Diplomatic Notes

The gospel in the digital age

The world has rapidly changed in the past few years. In fact, it is said that in the last 20 years, there have been more advances in technology than the entire existence of the world in all of its history. We take for granted things like the cell phone and smart phone, sometimes not realizing that the smart phone that we feature today is only about 10 years old. The iPhone was released just in 2007, which means things that we take for granted like “apps”, and programs like WhatsApp are very new inventions.

We are rapidly moving toward a digital transformation that affects the way we live, the way we do business and the way we do church. The largest retailer in the world, Amazon, until recently, has not owned any physical retail stores. The largest single taxi service in the world, Uber, does not own any cars. One of the largest accommodation-sharing sites, Airbnb, does not own any hotels. Essentially, there has been a paradigm shift in the way we live, and the question is what this means for the church and the gospel today.

Another very interesting fact of life in the rapidly changing digital age is the emergence of what is known as big data. If you are not aware of what big data is, if you have been on the internet you have been a victim or beneficiary of big data. Essentially, what big data does is track the movements, personal preferences and activities of everyone on the internet. This collection of data is then sold to the highest bidders and you see the results every time you go on the internet. For example, if you go to Walmart and they ask for your email or you purchase something online, everything you do is recorded, and when you return to the internet all of a sudden you see ads popping up relating to your previous purchases or a preference you indicated when you filled out a form. If you go into a shoe store to buy shoes, then later that evening you go on the internet to use Facebook, you will find new ads for shoes that you never asked for. Big data now has you in its grips, and for the rest of your life whatever you do is recorded and distributed to those who are interested in your preferences.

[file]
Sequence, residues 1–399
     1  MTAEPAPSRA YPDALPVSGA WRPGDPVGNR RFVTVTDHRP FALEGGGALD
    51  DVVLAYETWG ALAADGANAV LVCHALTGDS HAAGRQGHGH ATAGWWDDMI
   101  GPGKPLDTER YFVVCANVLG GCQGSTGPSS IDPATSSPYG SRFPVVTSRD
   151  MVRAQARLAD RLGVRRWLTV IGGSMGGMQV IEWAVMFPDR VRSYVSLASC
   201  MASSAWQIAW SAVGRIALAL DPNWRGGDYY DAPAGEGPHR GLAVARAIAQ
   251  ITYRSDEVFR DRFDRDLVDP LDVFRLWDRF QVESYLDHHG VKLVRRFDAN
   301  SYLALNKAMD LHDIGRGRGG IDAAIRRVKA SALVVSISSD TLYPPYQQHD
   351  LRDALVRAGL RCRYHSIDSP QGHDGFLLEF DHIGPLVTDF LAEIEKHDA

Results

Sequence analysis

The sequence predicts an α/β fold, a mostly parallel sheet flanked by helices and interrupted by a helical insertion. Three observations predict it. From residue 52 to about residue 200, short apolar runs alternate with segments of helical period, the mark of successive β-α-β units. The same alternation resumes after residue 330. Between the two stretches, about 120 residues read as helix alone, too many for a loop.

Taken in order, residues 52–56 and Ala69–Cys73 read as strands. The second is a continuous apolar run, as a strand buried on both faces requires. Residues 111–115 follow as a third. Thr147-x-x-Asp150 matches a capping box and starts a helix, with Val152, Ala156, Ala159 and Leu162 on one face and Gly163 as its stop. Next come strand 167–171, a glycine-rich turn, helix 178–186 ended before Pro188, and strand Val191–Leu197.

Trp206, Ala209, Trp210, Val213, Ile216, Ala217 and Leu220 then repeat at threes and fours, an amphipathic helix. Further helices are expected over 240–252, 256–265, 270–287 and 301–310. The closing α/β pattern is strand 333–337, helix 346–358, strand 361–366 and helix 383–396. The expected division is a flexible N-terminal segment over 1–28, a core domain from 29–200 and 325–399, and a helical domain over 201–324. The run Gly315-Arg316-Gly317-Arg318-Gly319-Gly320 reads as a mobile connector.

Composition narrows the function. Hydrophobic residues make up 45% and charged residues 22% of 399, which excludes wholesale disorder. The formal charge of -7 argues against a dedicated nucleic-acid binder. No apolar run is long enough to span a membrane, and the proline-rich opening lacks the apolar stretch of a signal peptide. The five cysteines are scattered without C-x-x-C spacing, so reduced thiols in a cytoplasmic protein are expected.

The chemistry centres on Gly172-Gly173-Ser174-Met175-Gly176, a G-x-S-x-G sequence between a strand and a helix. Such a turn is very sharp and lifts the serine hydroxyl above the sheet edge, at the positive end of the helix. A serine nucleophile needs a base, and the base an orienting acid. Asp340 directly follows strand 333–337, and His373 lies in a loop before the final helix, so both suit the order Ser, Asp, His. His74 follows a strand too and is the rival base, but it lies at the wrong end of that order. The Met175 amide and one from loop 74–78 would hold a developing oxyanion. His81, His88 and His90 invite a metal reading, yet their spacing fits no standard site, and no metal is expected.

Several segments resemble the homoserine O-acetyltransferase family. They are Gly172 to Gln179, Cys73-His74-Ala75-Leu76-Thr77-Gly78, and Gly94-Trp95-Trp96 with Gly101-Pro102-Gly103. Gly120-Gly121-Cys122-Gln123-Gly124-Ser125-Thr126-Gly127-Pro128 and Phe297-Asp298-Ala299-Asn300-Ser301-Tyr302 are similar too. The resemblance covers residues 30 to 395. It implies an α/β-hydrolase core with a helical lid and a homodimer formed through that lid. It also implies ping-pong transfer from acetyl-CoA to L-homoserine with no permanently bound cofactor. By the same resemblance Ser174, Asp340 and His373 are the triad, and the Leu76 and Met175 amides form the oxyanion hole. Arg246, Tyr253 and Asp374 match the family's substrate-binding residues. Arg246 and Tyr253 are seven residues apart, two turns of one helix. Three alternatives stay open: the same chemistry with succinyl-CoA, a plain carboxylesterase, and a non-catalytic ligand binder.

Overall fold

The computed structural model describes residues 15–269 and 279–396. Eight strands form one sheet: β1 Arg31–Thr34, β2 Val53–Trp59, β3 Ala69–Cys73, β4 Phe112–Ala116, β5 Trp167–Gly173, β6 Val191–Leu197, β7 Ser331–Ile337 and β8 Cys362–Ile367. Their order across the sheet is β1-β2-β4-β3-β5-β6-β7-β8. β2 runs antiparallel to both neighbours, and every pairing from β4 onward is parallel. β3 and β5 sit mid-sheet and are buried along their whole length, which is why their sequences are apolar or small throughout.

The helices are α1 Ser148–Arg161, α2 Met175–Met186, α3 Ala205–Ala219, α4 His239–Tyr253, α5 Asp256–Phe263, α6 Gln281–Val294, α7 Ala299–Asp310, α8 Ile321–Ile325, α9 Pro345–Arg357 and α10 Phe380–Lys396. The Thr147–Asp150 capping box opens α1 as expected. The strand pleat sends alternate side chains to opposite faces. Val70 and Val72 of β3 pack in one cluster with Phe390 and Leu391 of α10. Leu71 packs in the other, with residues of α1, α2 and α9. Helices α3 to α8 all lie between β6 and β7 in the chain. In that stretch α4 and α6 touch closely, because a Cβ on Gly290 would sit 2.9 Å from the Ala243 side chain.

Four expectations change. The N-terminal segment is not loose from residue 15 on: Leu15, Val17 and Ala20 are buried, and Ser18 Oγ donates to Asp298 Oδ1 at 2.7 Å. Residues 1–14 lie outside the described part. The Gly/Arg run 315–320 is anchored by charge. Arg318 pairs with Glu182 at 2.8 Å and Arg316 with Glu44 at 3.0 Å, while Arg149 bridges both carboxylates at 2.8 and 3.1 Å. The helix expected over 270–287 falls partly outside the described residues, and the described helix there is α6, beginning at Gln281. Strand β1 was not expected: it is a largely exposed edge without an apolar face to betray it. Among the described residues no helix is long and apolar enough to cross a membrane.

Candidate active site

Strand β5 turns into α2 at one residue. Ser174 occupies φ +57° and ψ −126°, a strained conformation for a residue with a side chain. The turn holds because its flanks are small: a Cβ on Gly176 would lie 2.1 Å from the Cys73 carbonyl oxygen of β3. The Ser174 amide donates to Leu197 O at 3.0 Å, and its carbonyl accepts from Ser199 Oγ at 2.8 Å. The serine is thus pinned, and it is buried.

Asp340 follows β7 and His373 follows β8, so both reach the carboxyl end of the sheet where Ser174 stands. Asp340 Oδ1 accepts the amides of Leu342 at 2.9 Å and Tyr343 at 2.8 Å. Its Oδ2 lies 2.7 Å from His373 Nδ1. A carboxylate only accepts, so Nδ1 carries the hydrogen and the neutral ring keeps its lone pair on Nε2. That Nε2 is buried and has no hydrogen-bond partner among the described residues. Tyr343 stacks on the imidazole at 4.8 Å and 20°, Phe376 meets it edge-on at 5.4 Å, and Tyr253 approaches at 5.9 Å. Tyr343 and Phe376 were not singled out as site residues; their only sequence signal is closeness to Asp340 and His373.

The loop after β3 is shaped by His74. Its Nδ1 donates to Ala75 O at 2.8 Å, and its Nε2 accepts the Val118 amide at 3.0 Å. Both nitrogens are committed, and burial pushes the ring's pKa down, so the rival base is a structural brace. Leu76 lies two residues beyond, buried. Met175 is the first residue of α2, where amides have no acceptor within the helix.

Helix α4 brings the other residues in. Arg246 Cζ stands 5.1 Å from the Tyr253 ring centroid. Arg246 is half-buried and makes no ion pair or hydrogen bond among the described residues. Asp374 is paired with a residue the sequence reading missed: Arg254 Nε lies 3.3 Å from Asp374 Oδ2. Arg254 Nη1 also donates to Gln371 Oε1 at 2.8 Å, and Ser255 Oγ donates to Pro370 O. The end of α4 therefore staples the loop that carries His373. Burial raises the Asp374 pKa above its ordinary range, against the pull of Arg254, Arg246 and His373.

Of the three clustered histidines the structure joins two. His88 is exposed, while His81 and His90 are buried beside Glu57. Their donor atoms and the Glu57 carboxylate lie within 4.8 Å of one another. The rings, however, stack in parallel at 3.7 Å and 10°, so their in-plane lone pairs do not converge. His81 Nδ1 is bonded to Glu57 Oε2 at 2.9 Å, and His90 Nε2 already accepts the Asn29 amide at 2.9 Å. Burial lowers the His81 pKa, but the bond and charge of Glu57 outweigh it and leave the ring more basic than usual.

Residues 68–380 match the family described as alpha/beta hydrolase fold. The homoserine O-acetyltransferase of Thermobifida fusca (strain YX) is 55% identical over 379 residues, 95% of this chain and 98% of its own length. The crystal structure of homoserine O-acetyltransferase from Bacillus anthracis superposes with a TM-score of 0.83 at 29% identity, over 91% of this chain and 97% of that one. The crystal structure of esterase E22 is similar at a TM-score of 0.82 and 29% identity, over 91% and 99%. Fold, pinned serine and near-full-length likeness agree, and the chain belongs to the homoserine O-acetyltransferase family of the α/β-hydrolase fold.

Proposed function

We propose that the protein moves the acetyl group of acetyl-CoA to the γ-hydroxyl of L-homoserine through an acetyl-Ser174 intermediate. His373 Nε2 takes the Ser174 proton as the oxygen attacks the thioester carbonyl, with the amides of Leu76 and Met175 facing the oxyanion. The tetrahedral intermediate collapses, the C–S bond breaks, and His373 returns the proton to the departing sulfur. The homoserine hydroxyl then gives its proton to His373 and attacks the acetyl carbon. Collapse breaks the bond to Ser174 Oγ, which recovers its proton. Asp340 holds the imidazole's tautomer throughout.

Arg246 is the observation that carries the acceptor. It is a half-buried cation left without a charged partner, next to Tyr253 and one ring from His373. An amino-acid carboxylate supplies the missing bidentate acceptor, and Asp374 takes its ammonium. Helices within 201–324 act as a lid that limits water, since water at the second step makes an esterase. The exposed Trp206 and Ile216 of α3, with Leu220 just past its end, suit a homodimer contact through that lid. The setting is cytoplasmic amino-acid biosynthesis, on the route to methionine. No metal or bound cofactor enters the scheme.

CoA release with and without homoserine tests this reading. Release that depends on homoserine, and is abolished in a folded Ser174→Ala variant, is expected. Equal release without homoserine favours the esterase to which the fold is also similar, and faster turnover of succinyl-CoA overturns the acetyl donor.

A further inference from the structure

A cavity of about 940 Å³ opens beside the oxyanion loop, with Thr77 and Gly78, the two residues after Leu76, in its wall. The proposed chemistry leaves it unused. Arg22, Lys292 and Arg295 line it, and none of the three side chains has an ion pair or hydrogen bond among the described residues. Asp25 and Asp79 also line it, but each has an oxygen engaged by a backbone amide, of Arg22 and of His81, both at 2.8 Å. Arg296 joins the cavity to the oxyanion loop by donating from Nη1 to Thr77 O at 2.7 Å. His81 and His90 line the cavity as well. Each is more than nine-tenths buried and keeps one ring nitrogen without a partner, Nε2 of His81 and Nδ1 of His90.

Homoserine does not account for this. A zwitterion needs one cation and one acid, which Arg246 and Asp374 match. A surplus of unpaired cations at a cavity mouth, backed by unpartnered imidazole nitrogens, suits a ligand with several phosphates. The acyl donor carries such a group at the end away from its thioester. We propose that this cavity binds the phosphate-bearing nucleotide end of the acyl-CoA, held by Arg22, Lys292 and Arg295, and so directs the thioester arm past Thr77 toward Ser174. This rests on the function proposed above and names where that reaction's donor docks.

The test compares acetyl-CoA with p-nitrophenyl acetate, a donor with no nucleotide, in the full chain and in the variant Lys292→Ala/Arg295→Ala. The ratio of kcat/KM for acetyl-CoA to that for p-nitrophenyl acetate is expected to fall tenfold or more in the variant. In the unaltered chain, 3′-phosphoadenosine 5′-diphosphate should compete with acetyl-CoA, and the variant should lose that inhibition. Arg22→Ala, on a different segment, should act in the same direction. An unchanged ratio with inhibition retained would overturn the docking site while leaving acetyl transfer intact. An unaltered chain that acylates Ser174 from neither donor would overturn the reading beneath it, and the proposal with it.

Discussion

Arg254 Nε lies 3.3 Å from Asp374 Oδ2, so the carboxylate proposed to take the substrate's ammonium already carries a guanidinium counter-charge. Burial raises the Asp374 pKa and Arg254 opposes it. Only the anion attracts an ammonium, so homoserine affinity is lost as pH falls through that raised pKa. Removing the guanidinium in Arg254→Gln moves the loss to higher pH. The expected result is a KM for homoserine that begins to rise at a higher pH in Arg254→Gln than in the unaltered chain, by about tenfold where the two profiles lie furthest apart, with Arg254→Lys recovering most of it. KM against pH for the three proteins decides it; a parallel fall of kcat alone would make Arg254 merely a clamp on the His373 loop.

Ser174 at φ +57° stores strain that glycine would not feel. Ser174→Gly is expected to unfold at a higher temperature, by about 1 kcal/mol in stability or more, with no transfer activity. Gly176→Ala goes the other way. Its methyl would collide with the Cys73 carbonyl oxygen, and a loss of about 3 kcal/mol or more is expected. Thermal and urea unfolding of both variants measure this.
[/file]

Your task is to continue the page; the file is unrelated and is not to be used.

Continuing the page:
There are new terminologies that massively affect our lives that we may miss. The most important space in the world is not physical space. The most important space in the world is what is called the “cloud” or cyber space. Instead of offices filled with paper or physical devices, most business today is done from the cloud. No one knows exactly where the cloud is but everyone and everything is there. We used to have smart people but now we have more smart phones than smart people. IQ (intelligence quota) used to be important but AI (artificial intelligence) is often more important. You type in a word and AI thinks for you by hinting to you what the next word should be. The list goes on of amazing inventions and advancements.